Food for all ages: The basic steps of baby weaning
We’ve teamed up with the ladies behind Mother Tongue – a Dubai-based podcast run by three first-time expat mums, to bring you tried and tested recommendations for baby weaning while cooking Hello Chef recipes. Here, one third of the mama-trio, Ellis, tells us more about her weaning journey and reflects on how her family now enjoys the same meal, regardless of age.
Weaning your baby can be an incredibly exciting yet daunting next step from breast milk or formula. Before you start weaning, there is one key question parents should ask themselves: is our baby ready? Whether you feel ready or not is a separate matter. However, it is crucial that your baby is showing signs that they are ready.
What are the signs to look for?
• Has good head and neck control and can sit upright when supported
• Shows an interest in food – for example, by looking at what’s on your plate
• Reaches out for your food
• Opens their mouth when you offer them food on a spoon
So, is there a specific age you should start weaning? The answer is no. Not every baby is ready at the same time, however on average most babies will start to show signs at around 6 months, if not earlier for some.
In my own experience, my daughter Frida was showing interest as early as 4 months, we were also advised to introduce solids from this age to help with her reflux. Babies who suffer with reflux are commonly recommended to wean earlier to help with their stomach muscles and digestion, however it is highly recommended to consult your pediatrician for guidance.
Once you have identified that your baby is ready to start the weaning process, the fun can begin. But as a word of warning – it is very common for many parents to find this next step rather stressful. What is most important is that you take your time and feel confident in what you are feeding your baby, which can be helped by following a weaning guide or cookbook for comfort.
The below includes some basic tips and ideas for weaning:
Stage 1 – When the baby is approx. six months old:
• Start with mashed or pureed vegetables (carrots, pumpkin, potato, sweet potato, sponge gourd or ash gourd)
• Fruit purees like ripe and cooked apple, pear or mashed banana.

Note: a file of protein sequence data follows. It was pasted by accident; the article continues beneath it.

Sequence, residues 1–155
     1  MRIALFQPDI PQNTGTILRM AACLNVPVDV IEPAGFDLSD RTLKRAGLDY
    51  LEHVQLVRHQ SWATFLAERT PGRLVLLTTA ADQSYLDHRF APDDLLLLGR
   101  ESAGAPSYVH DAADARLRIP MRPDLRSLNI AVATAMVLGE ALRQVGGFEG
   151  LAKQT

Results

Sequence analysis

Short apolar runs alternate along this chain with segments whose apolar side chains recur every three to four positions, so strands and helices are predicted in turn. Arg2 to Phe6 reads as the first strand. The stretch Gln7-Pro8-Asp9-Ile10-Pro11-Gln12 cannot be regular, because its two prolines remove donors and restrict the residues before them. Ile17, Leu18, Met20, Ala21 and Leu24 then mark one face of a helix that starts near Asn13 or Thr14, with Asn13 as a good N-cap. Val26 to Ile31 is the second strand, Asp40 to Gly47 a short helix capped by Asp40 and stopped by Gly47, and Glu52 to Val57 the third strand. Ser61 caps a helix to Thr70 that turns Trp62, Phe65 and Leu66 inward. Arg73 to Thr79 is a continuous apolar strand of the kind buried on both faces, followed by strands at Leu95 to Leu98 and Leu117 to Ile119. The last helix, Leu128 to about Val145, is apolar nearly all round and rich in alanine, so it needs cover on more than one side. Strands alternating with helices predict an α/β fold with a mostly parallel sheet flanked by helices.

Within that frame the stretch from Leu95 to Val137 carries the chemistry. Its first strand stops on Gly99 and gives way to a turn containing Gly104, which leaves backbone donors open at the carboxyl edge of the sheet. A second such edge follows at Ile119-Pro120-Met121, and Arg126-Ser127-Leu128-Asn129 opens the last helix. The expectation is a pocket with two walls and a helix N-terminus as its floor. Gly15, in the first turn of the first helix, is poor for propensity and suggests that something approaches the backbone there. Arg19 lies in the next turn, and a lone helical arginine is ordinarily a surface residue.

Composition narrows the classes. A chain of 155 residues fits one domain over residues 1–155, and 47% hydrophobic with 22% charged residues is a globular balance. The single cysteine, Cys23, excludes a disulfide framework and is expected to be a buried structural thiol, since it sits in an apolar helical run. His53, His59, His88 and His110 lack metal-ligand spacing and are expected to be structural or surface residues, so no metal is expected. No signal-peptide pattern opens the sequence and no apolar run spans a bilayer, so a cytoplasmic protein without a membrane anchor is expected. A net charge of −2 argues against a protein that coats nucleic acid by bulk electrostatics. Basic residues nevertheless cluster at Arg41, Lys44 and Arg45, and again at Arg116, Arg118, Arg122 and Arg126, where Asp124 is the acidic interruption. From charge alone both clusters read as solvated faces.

• Baby cereals
• Purees of lean meat, poultry, lentils, split peas, mixed vegetables and green vegetables like cabbage and spinach
• Slowly incorporate dairy e.g. yoghurt, cream cheese, cottage cheese or custard
• Do not include cow’s, goat’s or sheep’s milk as the baby’s primary food until he is a year old
Stage 3: Between 7 to 9 months (2 to 3 servings of starchy food, 1 serving of protein)
• Mashed or minced lumpy food
• Starchy foods like khichdi, semolina upma, semolina porridge, sago porridge, durum wheat, breakfast cereals or oats can be given
• Cornmeal, potatoes, rice and millets
• Boiled and cooled water
• Citrus fruits, fish, lean meat, poultry, lentils
• Nut butter (check family history for allergies)
• Finger foods like cooked green beans, carrots, cheese cubes, banana slices or soft pear
Foods to avoid during weaning:
• Salt: The baby’s kidneys cannot process the salt yet
• Honey: No honey is advisable until the baby is one as it can cause infant botulism
• Sugar: Try sweetening the food with mashed banana or stewed dry fruits puree as artificial sweeteners can encourage your child to develop a sweet tooth
• Whole Nuts: They are a choking hazard and difficult to process
• Certain Fish: To avoid mercury poisoning
• Tea/Coffee: Caffeine and tannin are unsuitable for babies and prevent absorption of vital nutrients in their body
• Low-fat food: Any low-fat dairy or food products are unfit for the baby as they need calories
• Risky foods: Foods like mouldy cheese, liver pâté or soft boiled or raw eggs that can contain bacteria and are not killed in the cooking process
Every baby is different and so is every parent’s approach to weaning for that matter. The best piece of advice I was ever given was to be adventurous. Allow your baby to try as many foods and flavours as possible before they are 1 year old as they start to form preferences after this and become ‘fussier’. This also benefits the convenience element of weaning, when you expose your baby to lots of foods and flavours, it allows for the whole family to have the same meal. This is why we found Hello Chefs family friendly recipes so helpful.
As hard as it can be sometimes, I would also say have confidence in your little one’s ability to eat. Of course, be extremely cautious when it comes to choking hazards and risky food, but allow the child to have fun with their food; it is a new sensory experience and can be incredibly fun for them to experience the new smells and textures, albeit messy!
Mother Tongue is a Dubai-based podcast run by three first time expat mums. Maryanne, Ellis and Jess share their (very honest) journey on everything they have learned along the way in an attempt to create unity between mothers who might be away from their families and friends. They discuss everything from navigating motherhood as an expat, baby brands that they love, the products they swear by and the experiences they have been through during pregnancy, work, motherhood and beyond. Tune in wherever you listen to your podcasts, and be sure to follow them on Instagram @wearemothertongue.